How fitting, then, upon the arrival of the summer solstice, I welcomed a fun, new BFF into my line-up of summer quenchers. Its name: Txakoli (cha-ko-lee … kind of like Chipotle). Sure, it’s a little hard to pronounce the first time … or twenty … and its pedigree is obscure. Once you taste it on a late summer afternoon, the name will soon slip off the tongue with the same ease as downing the fresh oyster that pairs so wonderfully with it.

My introduction to Txakoli came courtesy of Kevin Hart of wineCRAFT at the Anchor Grill in OTR . Given the St. Patrick’s party nature of the bottle and the overall obscurity of the wine, a little nomenclature taxonomy for greater enjoyment, interesting party chatter or sleep aid is in order.

txakolina

Winemaker: Nicolas Ulacia. Much of the winemaking is small scale, including the lovely bottle I enjoyed. Founded in the 1940s, the winery produces just 6,000 cases a year. Much of it never gets beyond the region. Spoiler alert: Txakoli might take some consultation with your local wine store to find it but keep at it.

Appellation: Getariako Txakolina. You’re probably thinking “it’s Greek to me” when, in fact, Getariako Txakolina is located in the Basque region of Spain. The Basque is on the Atlantic coast in the northern Spain where it’s typically cool and rainy. In Spain’s wine classification system, it is a Denominacion de Origen, an indication of quality. For foodies, the area is located near San Sebastian, home to more Michelin starred restaurants per capita than anywhere in Europe, according to the distributor’s web site (www.skurnickwines.com).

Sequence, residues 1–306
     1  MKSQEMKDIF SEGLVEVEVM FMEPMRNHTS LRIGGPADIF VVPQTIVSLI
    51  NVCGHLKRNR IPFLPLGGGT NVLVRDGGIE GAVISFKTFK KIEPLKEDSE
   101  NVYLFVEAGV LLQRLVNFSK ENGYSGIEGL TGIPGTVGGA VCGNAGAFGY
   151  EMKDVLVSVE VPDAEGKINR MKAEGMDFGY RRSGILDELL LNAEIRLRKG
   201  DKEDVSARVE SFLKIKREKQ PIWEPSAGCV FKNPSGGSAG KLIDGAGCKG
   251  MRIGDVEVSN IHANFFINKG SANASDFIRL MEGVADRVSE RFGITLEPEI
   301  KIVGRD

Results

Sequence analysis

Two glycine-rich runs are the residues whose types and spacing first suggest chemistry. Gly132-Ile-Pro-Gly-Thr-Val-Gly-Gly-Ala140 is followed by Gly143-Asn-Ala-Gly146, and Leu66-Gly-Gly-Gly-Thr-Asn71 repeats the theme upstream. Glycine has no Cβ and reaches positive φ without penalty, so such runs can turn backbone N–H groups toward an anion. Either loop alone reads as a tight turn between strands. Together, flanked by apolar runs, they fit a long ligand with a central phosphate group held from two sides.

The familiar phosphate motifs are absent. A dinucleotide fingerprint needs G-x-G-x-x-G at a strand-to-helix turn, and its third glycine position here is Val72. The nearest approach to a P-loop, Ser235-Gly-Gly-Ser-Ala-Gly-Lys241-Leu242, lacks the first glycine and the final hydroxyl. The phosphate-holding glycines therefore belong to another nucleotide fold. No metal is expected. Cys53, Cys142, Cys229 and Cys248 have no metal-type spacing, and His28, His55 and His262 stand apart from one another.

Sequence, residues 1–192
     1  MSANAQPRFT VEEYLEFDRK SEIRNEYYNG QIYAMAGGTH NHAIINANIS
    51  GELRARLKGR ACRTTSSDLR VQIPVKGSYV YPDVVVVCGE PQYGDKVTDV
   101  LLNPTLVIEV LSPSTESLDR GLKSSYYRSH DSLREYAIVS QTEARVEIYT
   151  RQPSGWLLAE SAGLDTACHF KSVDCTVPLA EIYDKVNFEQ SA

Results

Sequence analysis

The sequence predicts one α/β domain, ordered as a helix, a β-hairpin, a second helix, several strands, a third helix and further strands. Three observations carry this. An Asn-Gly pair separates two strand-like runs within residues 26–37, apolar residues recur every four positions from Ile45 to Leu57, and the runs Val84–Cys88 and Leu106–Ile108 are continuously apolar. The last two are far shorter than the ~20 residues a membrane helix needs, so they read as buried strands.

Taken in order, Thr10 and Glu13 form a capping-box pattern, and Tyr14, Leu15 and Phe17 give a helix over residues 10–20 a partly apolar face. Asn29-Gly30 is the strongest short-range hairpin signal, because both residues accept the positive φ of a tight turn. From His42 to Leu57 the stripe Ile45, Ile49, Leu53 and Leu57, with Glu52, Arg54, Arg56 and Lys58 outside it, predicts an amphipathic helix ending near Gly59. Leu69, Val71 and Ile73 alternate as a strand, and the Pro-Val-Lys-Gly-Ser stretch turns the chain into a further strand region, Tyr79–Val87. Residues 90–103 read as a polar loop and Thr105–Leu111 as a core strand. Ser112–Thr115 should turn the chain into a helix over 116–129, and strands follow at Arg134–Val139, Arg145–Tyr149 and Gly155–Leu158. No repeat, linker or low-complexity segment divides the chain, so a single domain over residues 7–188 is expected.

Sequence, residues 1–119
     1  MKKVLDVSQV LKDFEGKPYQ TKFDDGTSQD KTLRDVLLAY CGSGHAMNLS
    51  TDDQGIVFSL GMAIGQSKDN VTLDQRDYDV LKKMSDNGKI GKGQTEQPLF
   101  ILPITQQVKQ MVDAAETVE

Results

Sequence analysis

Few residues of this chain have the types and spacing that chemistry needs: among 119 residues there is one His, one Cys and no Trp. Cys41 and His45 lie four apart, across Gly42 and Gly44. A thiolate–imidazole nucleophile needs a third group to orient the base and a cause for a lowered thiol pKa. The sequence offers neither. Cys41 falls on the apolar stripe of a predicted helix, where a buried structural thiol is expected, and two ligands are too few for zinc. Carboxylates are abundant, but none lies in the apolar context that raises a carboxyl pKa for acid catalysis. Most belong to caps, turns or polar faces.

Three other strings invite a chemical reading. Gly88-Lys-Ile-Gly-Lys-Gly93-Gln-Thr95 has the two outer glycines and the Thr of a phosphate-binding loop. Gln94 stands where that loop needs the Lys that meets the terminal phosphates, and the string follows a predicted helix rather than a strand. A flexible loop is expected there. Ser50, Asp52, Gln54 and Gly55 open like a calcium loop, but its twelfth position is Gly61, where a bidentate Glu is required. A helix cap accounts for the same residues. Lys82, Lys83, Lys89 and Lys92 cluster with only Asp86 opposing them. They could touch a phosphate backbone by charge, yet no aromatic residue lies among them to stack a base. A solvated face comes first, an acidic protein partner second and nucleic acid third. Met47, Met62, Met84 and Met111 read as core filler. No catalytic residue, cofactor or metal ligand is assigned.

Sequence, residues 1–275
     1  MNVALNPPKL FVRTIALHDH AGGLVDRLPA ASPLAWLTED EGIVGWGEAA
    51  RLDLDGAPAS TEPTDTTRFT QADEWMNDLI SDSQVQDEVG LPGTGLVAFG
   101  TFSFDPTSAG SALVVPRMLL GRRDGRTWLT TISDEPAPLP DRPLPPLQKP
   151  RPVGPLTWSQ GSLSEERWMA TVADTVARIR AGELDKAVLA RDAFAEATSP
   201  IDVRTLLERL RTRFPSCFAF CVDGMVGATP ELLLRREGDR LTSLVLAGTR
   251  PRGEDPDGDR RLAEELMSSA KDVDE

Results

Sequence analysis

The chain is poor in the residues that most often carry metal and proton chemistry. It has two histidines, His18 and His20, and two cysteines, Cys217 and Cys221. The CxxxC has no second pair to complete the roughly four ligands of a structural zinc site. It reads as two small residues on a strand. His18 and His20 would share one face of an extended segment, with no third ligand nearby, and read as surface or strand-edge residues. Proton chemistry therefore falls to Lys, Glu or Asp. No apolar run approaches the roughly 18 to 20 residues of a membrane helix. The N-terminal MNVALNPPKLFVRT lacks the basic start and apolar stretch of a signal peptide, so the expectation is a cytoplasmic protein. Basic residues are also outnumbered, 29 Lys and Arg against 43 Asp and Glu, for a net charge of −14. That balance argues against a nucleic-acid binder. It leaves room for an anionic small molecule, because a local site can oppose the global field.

Grape: The wine is made from two very obscure grapes – 85% Hondarrubi Zuri, a white grape, and 15% Hondarrubi Belza, a red grape.

Geek Highlight: Traditional fermentation is in foudres (large old oak barrels) but lately it’s all stainless steel.  The two grapes are fermented separately and then blended. The winemaker keeps the carbon dioxide in the bottle, which provides the light effervescence known as petillance in France or frizzante in Italy.

What to Expect: A delightfully crisp, very pale wine with a mouthful of very refreshing acidity and green apple and lime notes. With its low to medium levels of alcohol, Txakoli is a wine that cheerfully says “bring it” to the heat and humidity of a steamy summer day or early evening.

And, if it couldn’t get any more charming, Txakoli is typically served holding the slender green bottle high in the air in one hand and the glass low to the ground all the while guiding the stream of wine into your glass. The result: a sprite of a wine that you’ll want to serve well chilled as a perfect aperitif  or pairing to fresh shellfish. Summer doesn’t last forever and neither does this wine. Much like white linen, it isn’t meant to be worn beyond Labor Day.

txakolina

Topa!